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Compound Interest

Interest calculated on the initial principal, which also includes all of the accumulated interest from previous periods on a deposit or loan.

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Compound Interest refers to the calculation of interest on both the initial principal and the interest that has been added to this principal from past periods. This type of interest grows at an increasing rate because it builds upon previously accumulated interest.

Context of Use:

Compound interest is a fundamental concept in finance, particularly in the areas of savings, investments, and loans. It is crucial for understanding the potential growth of investments over time and the long-term cost of borrowing.


The purpose of compound interest is to reflect the true cost of borrowing and the real return on investment, as it takes into account the cumulative effect of interest earned or paid over time. This compounding effect can significantly enhance the growth of savings or the cost of debt.


  • Savings Account: A bank offers a 4% interest rate compounded annually on a savings account. The interest earned each year is added to the principal, increasing the amount on which future interest payments are calculated.

  • Credit Card Debt: Interest on a credit card may be calculated on a monthly compound basis, meaning that each month's interest charge is added to the principal balance, increasing the total amount owed unless payments are made to reduce the principal.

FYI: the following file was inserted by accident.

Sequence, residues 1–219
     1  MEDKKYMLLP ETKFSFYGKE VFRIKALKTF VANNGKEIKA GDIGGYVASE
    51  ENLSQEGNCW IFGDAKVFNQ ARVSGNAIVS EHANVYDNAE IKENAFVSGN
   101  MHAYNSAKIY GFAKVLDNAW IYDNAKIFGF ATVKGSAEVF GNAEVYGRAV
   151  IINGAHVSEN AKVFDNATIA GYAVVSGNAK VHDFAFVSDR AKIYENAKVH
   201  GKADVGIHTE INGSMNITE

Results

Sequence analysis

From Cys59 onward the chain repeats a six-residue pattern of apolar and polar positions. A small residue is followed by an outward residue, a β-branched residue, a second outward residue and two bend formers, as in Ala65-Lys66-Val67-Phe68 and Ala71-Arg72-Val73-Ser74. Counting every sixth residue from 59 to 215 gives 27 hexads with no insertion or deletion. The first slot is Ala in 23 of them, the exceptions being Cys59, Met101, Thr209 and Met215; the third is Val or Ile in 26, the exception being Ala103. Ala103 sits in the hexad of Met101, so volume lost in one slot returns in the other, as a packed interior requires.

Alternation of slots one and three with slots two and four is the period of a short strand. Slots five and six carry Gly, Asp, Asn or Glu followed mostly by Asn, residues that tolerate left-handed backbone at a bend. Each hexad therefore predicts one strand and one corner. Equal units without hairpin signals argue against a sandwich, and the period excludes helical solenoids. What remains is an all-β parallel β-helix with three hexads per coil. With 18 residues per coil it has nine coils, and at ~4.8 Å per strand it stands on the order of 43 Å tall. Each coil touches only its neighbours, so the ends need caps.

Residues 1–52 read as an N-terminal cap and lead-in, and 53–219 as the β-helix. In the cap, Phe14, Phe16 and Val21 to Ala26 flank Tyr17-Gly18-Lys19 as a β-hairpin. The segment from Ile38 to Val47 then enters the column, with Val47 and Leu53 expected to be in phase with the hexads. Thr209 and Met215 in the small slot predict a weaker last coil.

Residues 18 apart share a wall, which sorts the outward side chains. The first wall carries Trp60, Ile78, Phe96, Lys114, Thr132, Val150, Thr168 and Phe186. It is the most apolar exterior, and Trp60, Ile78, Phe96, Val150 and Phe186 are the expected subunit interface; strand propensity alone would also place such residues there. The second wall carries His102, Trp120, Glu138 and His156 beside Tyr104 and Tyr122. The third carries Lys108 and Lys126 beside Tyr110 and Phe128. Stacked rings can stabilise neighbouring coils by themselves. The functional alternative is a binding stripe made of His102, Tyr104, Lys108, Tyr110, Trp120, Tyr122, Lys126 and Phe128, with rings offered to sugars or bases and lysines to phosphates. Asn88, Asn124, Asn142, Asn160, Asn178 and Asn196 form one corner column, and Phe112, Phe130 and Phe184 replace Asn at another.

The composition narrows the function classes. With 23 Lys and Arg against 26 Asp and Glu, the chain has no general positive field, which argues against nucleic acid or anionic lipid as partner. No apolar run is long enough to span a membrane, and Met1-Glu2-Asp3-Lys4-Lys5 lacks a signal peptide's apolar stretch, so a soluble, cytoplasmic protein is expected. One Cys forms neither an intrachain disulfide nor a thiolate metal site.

Related Terms:

  • Principal: The original sum of money borrowed or invested, before interest.

  • Simple Interest: Interest calculated only on the principal amount, without compounding.

  • Annual Percentage Rate (APR): The annual rate charged for borrowing or earned through an investment, which does not account for compounding within the year.


1. How does compound interest differ from simple interest?

A: Compound interest calculates interest on both the initial principal and the accumulated interest from previous periods, whereas simple interest calculates interest only on the principal amount.

2. What factors determine how much compound interest will accumulate?

A: Key factors include the principal amount, interest rate, frequency of compounding, and the length of time the money is invested or borrowed.

3. Can compound interest work against you?

A: Yes, while compound interest can significantly increase savings, it can also escalate debt levels quickly if not managed properly, particularly with high-interest loans and credit cards.

4. What is meant by the term 'compounding frequency'?

A: Compounding frequency is how often interest is added to the principal balance of a loan or investment, such as annually, semi-annually, quarterly, or monthly.

5. How can understanding compound interest benefit personal financial planning?

A: Understanding compound interest helps individuals make informed decisions about saving, investing, and borrowing, optimizing financial outcomes over time.

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